Term Paper: Chemical and Biological Warfare

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Chemical & Biological Warfare

The idea behind both chemical and Biological warfare is that there are agents that can be introduced into the atmosphere and/or a person's immediate area that can do damage more quickly than conventional weapons that maim and do physical damage. In chemical warfare, chemical substances and their toxic properties are used as weapons. In biological warfare, also often termed germ warfare, infectious agents and biological toxins are used. Most people think of using these types of warfare to kill or severely injure human beings, but they can also be used to damage animal populations or plant life. Both chemical and biological warfare plans are generally set into motion in order to get a strategic or tactical advantage, and the individual or group of individuals focused on this kind of warfare must use the utmost care to avoid harm to themselves. Chemical and biological weapons can and do backfire and harm those who intend to use them against others if they are not handled carefully.

Addressed here will be both biological and chemical warfare options. The types of weapons that were (and still are) used, the battles and skirmishes in which those weapons have been seen, and the history behind the weapons are all very important to a clear understanding of the different types of weapons and why they are so valuable when it comes to fighting military battles. These kinds of weapons have also been used in incidents of both foreign and domestic terrorism, so that is also something that has to be addressed and considered in order to develop a complete understanding of the value and the danger that is presented when people elect to use these options for weaponry. While they may not do as much obvious damage as something like a bomb or gun, chemical and biological weapons can be just as deadly in the right (or wrong) hands.

Chemical Warfare

Chemical substances are not always harmful. Many of them are used every day with no actual problem and no adverse affects. The longer society lives and continues to advance, the more chemical compounds are created and discovered, and the more is done with these compounds in the way of treating and preventing disease. However, there is a dark side to the issues. There are toxic properties of many kinds of chemical substances, and they can be used as weapons (Brophy & Fisher, 1959; Janata, 2009). Sometimes they are used in war, and sometimes they are used by individual terrorists, but either way they can result in significant damage to and loss of life (Hammond, 1999). The idea of chemical warfare is often lumped in with biological and nuclear warfare (Janata, 2009). The military uses the acronym NBC for those weapons as a group, and they are all termed weapons of mass destruction (WMD) (Hammond, 1999; Janata, 2009).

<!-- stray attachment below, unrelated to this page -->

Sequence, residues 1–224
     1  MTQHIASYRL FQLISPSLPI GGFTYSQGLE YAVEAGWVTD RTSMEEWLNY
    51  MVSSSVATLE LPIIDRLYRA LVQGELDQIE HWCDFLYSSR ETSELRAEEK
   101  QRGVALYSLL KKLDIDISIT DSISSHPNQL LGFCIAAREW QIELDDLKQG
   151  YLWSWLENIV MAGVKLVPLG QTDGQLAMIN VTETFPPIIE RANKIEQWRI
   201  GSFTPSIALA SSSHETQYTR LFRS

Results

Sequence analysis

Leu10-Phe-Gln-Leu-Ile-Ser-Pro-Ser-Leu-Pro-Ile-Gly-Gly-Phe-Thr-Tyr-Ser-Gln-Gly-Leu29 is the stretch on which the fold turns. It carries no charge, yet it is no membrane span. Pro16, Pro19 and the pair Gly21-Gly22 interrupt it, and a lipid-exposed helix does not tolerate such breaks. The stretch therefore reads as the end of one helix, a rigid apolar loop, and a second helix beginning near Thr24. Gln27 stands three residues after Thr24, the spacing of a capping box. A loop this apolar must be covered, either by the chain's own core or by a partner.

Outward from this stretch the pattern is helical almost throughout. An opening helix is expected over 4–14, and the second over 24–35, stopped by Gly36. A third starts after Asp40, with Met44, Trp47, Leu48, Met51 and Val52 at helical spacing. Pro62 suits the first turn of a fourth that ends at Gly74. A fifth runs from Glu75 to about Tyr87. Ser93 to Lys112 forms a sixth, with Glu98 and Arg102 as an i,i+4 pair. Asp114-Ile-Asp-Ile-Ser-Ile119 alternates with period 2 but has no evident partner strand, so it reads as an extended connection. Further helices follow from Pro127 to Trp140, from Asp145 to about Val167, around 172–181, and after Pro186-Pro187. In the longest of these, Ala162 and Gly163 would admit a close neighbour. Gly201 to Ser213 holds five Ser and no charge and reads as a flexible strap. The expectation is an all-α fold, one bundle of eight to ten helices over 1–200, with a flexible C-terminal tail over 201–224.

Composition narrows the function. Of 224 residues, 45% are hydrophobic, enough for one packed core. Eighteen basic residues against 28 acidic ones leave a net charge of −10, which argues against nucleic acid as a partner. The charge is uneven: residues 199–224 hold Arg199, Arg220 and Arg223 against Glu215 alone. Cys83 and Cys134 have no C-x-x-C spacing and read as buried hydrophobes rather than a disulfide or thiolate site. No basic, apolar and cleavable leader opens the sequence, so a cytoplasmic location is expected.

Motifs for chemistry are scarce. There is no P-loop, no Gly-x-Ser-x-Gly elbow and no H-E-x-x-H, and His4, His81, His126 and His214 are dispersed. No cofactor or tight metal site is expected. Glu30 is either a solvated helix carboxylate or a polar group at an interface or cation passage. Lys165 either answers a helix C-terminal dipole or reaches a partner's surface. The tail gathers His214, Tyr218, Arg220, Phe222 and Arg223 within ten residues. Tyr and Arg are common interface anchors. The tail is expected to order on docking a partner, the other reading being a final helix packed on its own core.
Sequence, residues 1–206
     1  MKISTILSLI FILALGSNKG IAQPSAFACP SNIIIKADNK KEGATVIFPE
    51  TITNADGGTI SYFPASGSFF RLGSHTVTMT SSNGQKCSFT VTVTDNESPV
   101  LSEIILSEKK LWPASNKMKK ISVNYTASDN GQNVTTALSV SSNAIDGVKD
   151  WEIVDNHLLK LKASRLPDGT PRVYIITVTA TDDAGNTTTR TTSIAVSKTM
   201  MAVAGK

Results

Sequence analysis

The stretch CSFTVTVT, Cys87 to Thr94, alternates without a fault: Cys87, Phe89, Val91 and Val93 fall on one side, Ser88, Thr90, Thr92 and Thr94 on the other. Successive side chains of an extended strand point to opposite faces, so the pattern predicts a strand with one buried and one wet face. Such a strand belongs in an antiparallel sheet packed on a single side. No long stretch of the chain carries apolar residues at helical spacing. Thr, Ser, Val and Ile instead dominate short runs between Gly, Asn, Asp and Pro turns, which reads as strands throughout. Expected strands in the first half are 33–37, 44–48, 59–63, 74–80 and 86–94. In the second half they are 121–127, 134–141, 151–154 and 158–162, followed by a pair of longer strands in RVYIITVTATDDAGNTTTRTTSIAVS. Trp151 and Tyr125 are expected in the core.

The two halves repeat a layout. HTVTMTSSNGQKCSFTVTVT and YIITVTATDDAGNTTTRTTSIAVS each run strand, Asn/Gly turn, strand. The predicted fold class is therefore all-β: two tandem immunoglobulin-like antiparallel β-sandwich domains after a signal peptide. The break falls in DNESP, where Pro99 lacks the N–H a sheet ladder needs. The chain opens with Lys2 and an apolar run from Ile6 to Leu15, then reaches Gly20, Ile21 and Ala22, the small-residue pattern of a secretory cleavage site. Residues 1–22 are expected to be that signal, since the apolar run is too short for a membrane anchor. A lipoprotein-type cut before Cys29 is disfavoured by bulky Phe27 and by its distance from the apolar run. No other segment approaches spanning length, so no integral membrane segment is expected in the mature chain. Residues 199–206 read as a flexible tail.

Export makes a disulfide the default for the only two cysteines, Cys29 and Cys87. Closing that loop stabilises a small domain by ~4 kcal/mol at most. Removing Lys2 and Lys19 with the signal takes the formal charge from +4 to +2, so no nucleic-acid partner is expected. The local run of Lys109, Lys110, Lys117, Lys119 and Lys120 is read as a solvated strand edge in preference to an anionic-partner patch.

There are also conventional weapons, but chemical and other WMD designated weapons do not fall under that designation because they have the potential to be extremely destructive. Chemical warfare needs no explosive force or other detonation in order to do a serious level of damage (Hammond, 1999; Janata, 2009). The chemical agent itself, and the unique properties that belong to that chemical agent, are enough to cause the death and devastation that those who employ chemical weapons against others are looking for (Brophy & Fisher, 1959). The goal of the chemical weapon is to be a lethal agent that will incapacitate or injury the enemy. Sometimes, these chemical agents are also used over a wide area of terrain in order to deter an enemy from using that terrain in any kind of unhindered manner (Haber, 1986; Hammond, 1999). This can be very effective for keeping unwanted people, animals, and plants away from a particular dwelling or structure, but can also be used in actual combat to ensure that the enemy does not gain access to field, forests, or other areas that are too close to an encampment or other protected area (Janata, 2009).